Susan Peek, bestselling author of God’s Forgotten Friends: Lives of Little Known Saints series

I was immediately drawn into this page-turner. A professor’s daughter and senator’s son find themselves embroiled in a mystery involving lost Civil War treasure — one that may have international implications in the present. It’s refreshing to read about teens who openly pray and who try to find out what God wants them to do; characters, dialogue, and humor are well-done.

Barb Szyszkiewicz CatholicMom.com

Amazon link:    https://www.amazon.com/Where-You-Lead-Leslea-Wahl/dp/1732134863

Link to the author’s online treasure hunt   http://lesleawahl.com/treasure/

 

First Review for Julia’s Gifts (Italian edition)

Julia's Gifts Italian Cover FrontGrazie, “Leggi con Ely!”  Thank you, “Read With Ely!” Thank you also to translator Daniela Mastropasqua and editor Adelia Marino. The Italian edition is available here on Amazon.it and here on Amazon.com.

The first Italian review for Julia’s Gifts (Italian edition), with English below:

Un inno alla vita, alla gioia e alla speranza visti dagli occhi della protagonista che matura pur rimanendo nella sua indole da sognatrice.Un esempio di donna realista ma con i piedi per terra.
Consigliato. Voto 5/5

A hymn to life, joy and hope seen by the eyes of the protagonist who matures while remaining in her nature as a dreamer. An example of a realist woman with her feet on the ground.
Recommended. Vote 5/5

Julia’s Gifts (French) and Stealing Jenny (Italian) coming soon!

Special thanks to Marie Duval, translator, for the French edition of Julia’s Gifts and Daniela Mastropasqua, translator, and Adelia Marino, editor, for the Italian edition of Stealing Jenny!

Humanae Vitae and the Benefits of NFP #HV50

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Photo courtesy Josh Hrkach

My latest post at Catholic Mom: This year we celebrate the 50th anniversary of Blessed Pope Paul VI’s encyclical Humanae Vitae (On Human Life). It’s a beautifully written (and very short) encyclical that upholds Church teaching on marriage.

There are still dissident  theologians who proclaim that Catholic couples are not bound by Humanae Vitae. However, these theologians obviously have not lived a married life in obedience to the Church and to Humanae Vitae. They have also not experienced the benefits of such obedience.

Pope Paul VI wrote:

If therefore there are well-grounded reasons for spacing births, arising from the physical or psychological condition of husband or wife, or from external circumstances, the Church teaches that married people may then take advantage of the natural cycles immanent in the reproductive system and engage in marital intercourse only during those times that are infertile, thus controlling birth in a way which does not in the least offend the moral principles which We have just explained. (HV 20)

Natural Family Planning (NFP) is the method of birth regulation that Pope Paul VI was referring to. While he may not have known the all the benefits of such a method, with Humanae Vitae, he confirmed and proclaimed the 2000-year consistent teaching of the Church that artificial methods of contraception were immoral.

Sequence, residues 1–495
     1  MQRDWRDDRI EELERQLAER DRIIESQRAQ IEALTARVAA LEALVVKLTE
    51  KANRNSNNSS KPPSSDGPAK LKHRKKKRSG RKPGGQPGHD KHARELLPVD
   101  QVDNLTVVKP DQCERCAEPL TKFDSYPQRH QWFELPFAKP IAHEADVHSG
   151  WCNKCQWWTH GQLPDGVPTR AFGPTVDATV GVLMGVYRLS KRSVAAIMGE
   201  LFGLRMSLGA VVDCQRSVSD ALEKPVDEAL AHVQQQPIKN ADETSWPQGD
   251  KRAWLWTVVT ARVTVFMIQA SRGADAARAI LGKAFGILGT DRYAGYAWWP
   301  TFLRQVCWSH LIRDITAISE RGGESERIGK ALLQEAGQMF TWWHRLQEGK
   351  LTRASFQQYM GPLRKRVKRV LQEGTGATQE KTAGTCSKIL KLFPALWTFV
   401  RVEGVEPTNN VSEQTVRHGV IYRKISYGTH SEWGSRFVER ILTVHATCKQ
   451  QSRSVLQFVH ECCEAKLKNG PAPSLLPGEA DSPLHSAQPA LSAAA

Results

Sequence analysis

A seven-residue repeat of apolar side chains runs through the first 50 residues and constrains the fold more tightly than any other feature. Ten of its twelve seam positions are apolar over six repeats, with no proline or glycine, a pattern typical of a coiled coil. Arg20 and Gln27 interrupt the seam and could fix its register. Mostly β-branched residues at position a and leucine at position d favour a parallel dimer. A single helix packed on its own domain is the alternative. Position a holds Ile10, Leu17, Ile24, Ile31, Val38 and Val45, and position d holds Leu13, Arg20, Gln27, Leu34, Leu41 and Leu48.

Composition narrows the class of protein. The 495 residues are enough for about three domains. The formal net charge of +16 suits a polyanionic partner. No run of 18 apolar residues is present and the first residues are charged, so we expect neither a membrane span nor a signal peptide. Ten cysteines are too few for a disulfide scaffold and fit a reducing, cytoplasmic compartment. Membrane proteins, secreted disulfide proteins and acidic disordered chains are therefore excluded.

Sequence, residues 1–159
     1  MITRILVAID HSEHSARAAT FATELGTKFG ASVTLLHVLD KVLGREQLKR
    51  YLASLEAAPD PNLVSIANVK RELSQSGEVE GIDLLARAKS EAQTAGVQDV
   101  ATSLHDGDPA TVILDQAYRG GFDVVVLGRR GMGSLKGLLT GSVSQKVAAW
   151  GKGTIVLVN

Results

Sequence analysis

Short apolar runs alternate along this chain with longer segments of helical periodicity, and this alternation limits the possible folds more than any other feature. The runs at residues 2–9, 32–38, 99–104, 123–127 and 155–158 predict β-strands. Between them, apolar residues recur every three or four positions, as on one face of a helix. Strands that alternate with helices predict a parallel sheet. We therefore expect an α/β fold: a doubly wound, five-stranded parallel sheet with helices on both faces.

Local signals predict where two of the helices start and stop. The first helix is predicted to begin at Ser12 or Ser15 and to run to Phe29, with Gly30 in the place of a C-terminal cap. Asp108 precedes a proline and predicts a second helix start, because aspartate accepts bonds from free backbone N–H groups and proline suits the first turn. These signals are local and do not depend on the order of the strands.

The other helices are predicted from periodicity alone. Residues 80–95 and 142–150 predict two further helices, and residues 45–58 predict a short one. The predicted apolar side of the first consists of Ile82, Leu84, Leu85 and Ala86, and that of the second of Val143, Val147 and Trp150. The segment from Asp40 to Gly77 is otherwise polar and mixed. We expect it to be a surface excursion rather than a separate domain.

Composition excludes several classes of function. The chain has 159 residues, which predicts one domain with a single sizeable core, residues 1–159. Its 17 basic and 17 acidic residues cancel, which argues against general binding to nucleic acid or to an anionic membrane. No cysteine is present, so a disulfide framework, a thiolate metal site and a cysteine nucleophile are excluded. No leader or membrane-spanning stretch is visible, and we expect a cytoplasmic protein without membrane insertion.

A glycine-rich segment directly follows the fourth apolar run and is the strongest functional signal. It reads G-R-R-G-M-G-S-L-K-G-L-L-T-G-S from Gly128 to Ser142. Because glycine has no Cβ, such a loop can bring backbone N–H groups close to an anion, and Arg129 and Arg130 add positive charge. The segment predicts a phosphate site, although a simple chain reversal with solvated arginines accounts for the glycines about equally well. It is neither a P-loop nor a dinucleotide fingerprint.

NFP provides many benefits that not only promote healthy living, this remarkable method of birth regulation fosters authentic married love and is also environmentally friendly.

NFP is safe

There are no harmful side effects for either the husband or wife. It is completely safe, 100 percent natural, and involves no potentially harmful devices or drugs.

NFP is healthy

There are no pills, invasive procedures or long-term drugs. Women who use NFP know more about their bodies and can discover health problems sooner.

NFP is effective

Used and taught properly, NFP can be 99 percent effective in avoiding pregnancy. In our experience as an NFP user couple, we have never had an unplanned pregnancy in 36 years. NFP can also assist some couples in achieving much-wanted pregnancies without chemicals and operations.

NFP costs very little to use

In this economy, NFP is very cost effective. Other than the cost of the course, materials, and the replacement of thermometers, NFP costs very little to use over a couple’s 20 to 30 years of fertility, compared to purchasing condoms, diaphragms, pills, and other chemicals or operations over a period of 20 to 30 years.

NFP is environmentally friendly

NFP does no harm to the environment like some of the chemical methods of contraception. There are now software programs (like Cycle Pro and Kindara) that keep track of all pertinent information on a woman’s iPhone, Android, iPad or computer. If using paper charts, they can be recycled and there are no chemicals or other devices used.

NFP is marriage insurance

One of the most incredible benefits is that NFP is marriage insurance. In a study done by the Couple to Couple League, couples who used NFP had a less than two percent risk of divorce compared to the national secular average of 50 percent. On average, couples who use NFP have better communication than couples who contracept.

NFP is morally acceptable

Married couples who use NFP are spiritually healthy because NFP fosters authentic marital love and allows a couple to love as Christ loves: freely, totally, faithfully and fruitfully.

NFP works with irregular cycles

NFP is not like the old rhythm method, which depended on regular cycles. NFP’s charting system works with a woman’s present signs of fertility.

For more information on NFP:
Couple to Couple Leage International
Serena
WOOMB.org
CreightonModel.com

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Image copyright James and Ellen Hrkach. Please do NOT use without permission.